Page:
Last year, James Franco’s lawyers sent a cease-and-desist letter to a theater that was going to present Kevin Broccoli’s play “James Franco and Me,” insisting they stop marketing the movie star’s name. The theater canceled the production. Yet here it is a year later, being presented at FringeNYC through Sunday with a slightly altered name: “James Franco and Me: An Unauthorized Satire.”
In the two-character play, Kevin Broccoli is in a waiting room of a hospital where his father is dying. James Franco sits down next to him, and they chat.
Before the show begins, Broccoli informs us that “the role of me will be played by me at this performance. And the role of James Franco will not be played by James Franco.” Instead, each night there is a different actor. The night I saw it, the performer was Betsy Rinaldi.
In one way, “James Franco and Me” is catnip for Franco fans. Much of the conversation is about Franco’s career, especially his movies, but also a variety of other projects, such as his Broadway debut in Of Mice and Men (“suddenly you’re a novice in the Olympics,” James says, recounting at length the moment on stage he says he was so intimidated he forgot a line.)
Yes, the James Franco in “James Franco and Me” doesn’t always come off very well. During an early conversation, when they’ve been talking about the Franco movie, “127 Hours,” Kevin suddenly says: “My father is dying…”
“And I didn’t get the Oscar,” James continues, as if Kevin had said nothing. .
“I’m sure it wasn’t personal,” Kevin consoles James, willing to drop the new subject, and any hope of being consoled himself.
“And I was hosting that year…How humiliating is that?”
Yet occasionally, Broccoli directly addresses the audience, telling us that the real James Franco is not as dumb, or bombastic or as self-centered or as foul-mouthed etc. as Rinaldi is portraying him; “I can’t seem to portray him the way he really is..My mind is not where it should be. Nobody else is around. No nurses, no doctors—nothing.”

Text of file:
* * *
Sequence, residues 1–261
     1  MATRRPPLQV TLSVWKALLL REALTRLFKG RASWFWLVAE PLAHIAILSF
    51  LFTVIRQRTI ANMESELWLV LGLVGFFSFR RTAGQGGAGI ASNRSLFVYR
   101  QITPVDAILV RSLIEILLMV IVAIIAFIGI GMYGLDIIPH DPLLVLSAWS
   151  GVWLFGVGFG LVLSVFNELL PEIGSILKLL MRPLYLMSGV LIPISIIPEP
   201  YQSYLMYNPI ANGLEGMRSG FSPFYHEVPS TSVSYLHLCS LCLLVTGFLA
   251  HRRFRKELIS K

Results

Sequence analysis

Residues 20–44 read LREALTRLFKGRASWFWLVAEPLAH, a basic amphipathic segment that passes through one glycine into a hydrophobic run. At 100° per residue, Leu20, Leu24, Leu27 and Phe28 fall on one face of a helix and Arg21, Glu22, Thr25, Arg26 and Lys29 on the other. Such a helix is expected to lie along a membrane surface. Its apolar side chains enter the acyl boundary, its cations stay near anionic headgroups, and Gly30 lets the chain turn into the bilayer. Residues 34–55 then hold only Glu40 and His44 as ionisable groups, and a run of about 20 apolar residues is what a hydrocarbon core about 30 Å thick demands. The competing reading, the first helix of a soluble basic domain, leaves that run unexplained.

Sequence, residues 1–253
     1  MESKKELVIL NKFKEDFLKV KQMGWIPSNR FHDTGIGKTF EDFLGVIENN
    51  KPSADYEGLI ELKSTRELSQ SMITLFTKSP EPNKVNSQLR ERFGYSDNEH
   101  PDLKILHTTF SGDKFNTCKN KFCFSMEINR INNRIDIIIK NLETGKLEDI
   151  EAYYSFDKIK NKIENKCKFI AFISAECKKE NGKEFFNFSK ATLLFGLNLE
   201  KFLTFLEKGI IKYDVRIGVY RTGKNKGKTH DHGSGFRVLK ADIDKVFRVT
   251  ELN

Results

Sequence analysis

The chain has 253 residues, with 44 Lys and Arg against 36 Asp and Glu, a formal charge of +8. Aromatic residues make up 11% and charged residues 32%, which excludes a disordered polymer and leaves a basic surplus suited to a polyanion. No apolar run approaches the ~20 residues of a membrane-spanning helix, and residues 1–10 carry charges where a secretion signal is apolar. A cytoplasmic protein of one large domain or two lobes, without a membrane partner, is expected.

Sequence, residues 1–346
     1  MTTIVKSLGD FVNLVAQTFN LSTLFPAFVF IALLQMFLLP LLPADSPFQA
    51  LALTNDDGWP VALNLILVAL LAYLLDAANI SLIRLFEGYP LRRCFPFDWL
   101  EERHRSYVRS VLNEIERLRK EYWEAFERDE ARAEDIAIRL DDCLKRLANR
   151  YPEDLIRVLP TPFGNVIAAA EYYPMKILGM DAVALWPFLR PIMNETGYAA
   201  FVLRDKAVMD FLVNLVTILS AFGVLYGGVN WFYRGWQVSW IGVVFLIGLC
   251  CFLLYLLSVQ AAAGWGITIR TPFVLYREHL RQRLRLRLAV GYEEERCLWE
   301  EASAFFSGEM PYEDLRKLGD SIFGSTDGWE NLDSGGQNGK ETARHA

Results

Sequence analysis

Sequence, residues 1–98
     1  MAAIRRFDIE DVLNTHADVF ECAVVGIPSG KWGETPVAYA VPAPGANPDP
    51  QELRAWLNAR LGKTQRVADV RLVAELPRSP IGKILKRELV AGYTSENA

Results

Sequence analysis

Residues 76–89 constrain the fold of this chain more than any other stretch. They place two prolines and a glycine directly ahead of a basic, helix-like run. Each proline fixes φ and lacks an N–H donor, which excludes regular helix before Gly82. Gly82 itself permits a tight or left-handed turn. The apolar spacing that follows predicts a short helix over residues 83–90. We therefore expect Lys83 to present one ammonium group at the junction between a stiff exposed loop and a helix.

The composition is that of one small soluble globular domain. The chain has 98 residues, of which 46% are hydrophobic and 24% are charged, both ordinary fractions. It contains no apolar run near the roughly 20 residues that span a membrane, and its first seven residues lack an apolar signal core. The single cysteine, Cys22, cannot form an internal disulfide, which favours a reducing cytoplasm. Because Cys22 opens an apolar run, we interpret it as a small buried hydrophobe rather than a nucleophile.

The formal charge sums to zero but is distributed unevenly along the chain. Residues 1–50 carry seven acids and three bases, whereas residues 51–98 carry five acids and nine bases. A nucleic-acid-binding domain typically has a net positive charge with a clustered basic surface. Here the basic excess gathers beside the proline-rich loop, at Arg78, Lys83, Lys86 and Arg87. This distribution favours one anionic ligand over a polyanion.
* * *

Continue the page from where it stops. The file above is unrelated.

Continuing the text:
In such moments, Kevin Broccoli the actor and playwright, and Kevin the character, become inseparable in our minds from what we assume was the actual situation that led to the play — Kevin Broccoli was sitting in a hospital waiting room conjuring up James Franco in his imagination to distract himself and allay his fear while his father was dying. There is something inspired in this; the playwright is using the audience’s own imagination to complete the play.
The play itself sometimes helps drive home this interpretation. Their conversation about “Pineapple Express” (which James calls “a really landmark film”), morphs into a discussion about movies that make money, which segues into James’ wealth, which provokes Kevin to talk about the hospital bills, which prompts James to say: “You’re sitting here talking about finances and money, and meanwhile there’s this powerful moment in your life that you’re, like, totally detached from and it’s really unfortunate, you know?”
“James Franco and Me” is way too long: The Fringe catalogue lists it at 90 minutes, the performance I saw clocked in at 75; it would probably be more effective at 50. It’s also hard to deny that Broccoli’s use of the movie star makes the play more marketable (the intercession of Franco’s lawyers also guaranteed that.) But at its best the play is funny, thought provoking, and even touching, especially when James winds up, in his own way, trying to comfort Kevin. At James’s suggestion, the two characters engage in a little role-playing exercise to prepare Kevin for the inevitable: James plays Kevin and Kevin plays the doctor informing him that his father has died. James goes through the various ways that Kevin can react – ways that are variously amusing, offensive, moving, and spot-on.
Remaining performances of James Franco and Me at the Fringe: Today at 4:30, Saturday at 7 p.m., Sunday at 2:45 p.m.